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Why you are going to pay more for prescriptions in France

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Why you are going to pay more for prescriptions in France
Patients in France are set to receive less reimbursement for prescribed medicine from January 2024. (Photo by Valentine CHAPUIS / AFP)

The French government plans to double the fee that patients pay per box of prescribed medication starting in January 2024.


If you are covered by social security system in France, you can receive partial or total reimbursement for prescribed medicine that you buy at a pharmacy.

However, starting in 2024, patients may see their reimbursements decrease as the French government increases the 'franchise médicales' fee.

In France, when you pay at the counter, you are asked to swipe your carte vitale and information about your purchase is stored, analysed and then used to send the reimbursement directly to your bank account.

READ ALSO How to get a carte vitale in France and why you need one

The amount you are reimbursed depends on what kind of medication you have been prescribed - generally speaking, medication for more serious conditions is reimbursed at a higher rate. Only flu jabs for those deemed 'at-risk' are reimbursed without a prescription. There is no limit on the total amount of money you can be reimbursed over the course of a year. 

Patient fees 

A small fee, known as the franchise médicale, is charged to patients who have their medication costs reimbursed through the social security system. 

This currently stands at €0.50 and is deducted from the reimbursed amount that is eventually send into your bank account the the Assurance maladie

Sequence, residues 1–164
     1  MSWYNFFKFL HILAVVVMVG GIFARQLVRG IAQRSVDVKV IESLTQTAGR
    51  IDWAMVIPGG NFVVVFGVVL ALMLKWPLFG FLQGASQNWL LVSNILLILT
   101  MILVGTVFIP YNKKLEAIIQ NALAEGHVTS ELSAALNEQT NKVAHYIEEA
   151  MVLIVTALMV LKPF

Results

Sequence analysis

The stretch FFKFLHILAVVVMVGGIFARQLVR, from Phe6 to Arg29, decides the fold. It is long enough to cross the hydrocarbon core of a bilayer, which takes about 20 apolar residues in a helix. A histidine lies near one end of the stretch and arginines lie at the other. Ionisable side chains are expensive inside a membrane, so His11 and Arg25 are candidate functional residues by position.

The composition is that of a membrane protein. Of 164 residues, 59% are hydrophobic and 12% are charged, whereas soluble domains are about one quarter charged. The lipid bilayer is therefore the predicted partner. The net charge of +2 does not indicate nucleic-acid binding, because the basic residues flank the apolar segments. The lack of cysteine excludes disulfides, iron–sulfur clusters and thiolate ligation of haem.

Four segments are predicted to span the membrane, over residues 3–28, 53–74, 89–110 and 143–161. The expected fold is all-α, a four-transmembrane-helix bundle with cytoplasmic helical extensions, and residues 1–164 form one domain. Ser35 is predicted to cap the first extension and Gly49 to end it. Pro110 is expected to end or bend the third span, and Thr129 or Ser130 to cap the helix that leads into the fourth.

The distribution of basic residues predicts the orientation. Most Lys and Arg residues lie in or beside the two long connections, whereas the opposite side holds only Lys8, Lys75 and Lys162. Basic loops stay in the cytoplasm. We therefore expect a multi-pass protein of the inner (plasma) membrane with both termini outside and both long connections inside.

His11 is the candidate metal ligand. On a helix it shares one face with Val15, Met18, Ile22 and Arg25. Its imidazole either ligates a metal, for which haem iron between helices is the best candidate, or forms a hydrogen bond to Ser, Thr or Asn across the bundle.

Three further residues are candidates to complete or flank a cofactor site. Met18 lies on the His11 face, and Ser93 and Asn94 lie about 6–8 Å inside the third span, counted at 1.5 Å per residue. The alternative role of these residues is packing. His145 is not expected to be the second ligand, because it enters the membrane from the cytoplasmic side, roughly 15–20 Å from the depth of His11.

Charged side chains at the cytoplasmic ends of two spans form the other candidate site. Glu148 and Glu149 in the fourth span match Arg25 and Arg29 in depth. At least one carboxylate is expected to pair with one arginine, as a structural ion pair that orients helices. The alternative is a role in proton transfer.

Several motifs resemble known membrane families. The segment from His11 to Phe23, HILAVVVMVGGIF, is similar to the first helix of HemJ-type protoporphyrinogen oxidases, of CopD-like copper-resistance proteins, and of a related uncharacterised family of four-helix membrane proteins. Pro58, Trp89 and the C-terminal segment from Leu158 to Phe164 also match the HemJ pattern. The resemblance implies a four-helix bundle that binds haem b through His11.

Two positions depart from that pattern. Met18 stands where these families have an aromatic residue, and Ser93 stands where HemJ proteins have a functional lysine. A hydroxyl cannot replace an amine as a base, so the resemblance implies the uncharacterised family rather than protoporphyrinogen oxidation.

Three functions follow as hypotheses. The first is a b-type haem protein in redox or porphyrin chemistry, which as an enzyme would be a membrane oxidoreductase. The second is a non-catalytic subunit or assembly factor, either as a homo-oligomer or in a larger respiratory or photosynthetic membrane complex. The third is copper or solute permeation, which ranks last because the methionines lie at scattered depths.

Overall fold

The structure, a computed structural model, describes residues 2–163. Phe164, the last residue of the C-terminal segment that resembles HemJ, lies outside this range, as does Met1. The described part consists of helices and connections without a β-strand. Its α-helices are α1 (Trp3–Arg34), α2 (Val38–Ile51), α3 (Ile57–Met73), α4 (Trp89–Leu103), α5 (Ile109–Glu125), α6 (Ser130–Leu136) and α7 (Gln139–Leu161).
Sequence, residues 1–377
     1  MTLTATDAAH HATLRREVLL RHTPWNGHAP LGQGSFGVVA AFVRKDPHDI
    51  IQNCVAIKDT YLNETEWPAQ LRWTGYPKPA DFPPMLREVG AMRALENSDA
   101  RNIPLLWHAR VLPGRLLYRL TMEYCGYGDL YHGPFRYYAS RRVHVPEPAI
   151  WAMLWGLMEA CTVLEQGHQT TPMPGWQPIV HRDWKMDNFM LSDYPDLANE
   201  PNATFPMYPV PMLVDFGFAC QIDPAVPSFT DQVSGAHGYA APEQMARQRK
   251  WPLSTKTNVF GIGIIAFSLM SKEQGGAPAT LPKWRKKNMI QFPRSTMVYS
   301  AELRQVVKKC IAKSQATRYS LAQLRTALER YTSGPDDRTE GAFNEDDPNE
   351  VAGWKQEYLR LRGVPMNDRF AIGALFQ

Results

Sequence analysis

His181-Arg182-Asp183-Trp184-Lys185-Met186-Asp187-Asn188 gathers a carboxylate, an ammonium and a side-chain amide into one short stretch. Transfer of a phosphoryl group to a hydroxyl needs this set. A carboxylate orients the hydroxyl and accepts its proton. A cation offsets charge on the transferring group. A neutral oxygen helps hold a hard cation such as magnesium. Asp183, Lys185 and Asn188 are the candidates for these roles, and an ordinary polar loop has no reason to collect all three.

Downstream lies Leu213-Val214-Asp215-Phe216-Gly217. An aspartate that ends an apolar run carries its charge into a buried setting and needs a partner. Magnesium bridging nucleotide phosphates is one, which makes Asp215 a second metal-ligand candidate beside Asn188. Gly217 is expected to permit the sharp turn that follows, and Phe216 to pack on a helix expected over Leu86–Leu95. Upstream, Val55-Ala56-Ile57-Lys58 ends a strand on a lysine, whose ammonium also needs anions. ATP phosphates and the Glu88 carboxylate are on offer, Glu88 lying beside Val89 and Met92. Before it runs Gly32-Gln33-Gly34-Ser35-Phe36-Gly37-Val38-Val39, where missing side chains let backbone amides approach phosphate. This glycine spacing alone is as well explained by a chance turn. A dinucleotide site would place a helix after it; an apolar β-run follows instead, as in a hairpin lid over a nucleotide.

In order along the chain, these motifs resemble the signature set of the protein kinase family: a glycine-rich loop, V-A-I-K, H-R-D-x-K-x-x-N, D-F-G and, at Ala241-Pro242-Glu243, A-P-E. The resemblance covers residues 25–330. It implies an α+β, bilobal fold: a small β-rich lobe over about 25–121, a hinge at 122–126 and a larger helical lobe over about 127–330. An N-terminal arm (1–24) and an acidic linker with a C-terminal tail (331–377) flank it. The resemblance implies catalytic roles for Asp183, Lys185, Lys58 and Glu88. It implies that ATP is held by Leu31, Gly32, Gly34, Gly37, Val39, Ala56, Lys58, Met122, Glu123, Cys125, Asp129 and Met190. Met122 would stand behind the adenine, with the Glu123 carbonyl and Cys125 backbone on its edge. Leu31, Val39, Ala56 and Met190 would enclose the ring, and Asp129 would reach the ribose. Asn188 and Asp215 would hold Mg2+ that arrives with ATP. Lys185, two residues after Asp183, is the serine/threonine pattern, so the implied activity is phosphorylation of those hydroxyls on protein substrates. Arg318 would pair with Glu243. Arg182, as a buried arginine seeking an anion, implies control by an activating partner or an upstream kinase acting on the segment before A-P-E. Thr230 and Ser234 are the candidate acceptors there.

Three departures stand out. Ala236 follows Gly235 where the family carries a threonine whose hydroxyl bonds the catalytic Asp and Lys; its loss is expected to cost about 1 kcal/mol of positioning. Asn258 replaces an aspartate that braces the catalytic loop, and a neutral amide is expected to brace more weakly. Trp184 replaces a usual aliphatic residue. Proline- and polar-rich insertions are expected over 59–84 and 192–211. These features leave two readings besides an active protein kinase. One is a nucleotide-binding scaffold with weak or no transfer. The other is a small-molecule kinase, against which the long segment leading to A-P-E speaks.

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If, for example, you buy a prescribed pack of medicine for €20 and it is reimbursed at a rate of 65 percent, you will only receive €12.50. This is because 65 percent of €20 is €13 and a further €0.50 is deducted from your reimbursement as part of the franchise médicale

The franchise médicale fees are currently limited at a total of €50 per person, per year. 

Minors, pregnant women and low-income patients benefitting from extra state support for health costs (like the Complémentaire Santé Solidaire and the Aide Médicale d'État) are exempt from paying the franchise médicale.


In the vast majority of cases, even if you have a mutuelle (private top-up health insurance), you are still subject to the franchise médicale. Most private insurers will not reimburse the cost of this fee.

READ ALSO What you need to know about a mutuelle

So what is changing? 

From January 1st 2024, franchise médicale fees will double from €0.50 to €1. But the €50 cap on the total amount of franchise médicale fees that someone can be charged over the course of a year will remain in place - as will the exemptions for minors, pregnant women etc. 

This means that if you buy that prescribed box of medicine for €20 (see previous section), you will now be reimbursed €12 instead of €12.50. 

READ ALSO 11 things you can do at a French pharmacy

The government hopes that this measure will bring in an extra 600 million per year - a sum that it says is vital to help address the €7 billion deficit faced by the Assurance Maladie. They also believe the franchise will discourage the unnecessary over-consumption of medicine. 



Various patient groups have voiced their opposition to the measure.

France Assos Santé, one of the largest patients' associations in the country, issued a statement titled 'Increase to the franchise médicale?... No way'. 

"Once again it is the sick who are going to bear the brunt, even though taking medication is not a choice but an absolutely vital necessity! Chronically ill people with long-term conditions are supposed to be covered for 100 percent of their care are not exempt from deducted reimbursement and are already the ones who are most out-of-pocket when it comes to healthcare expenses," they wrote. 


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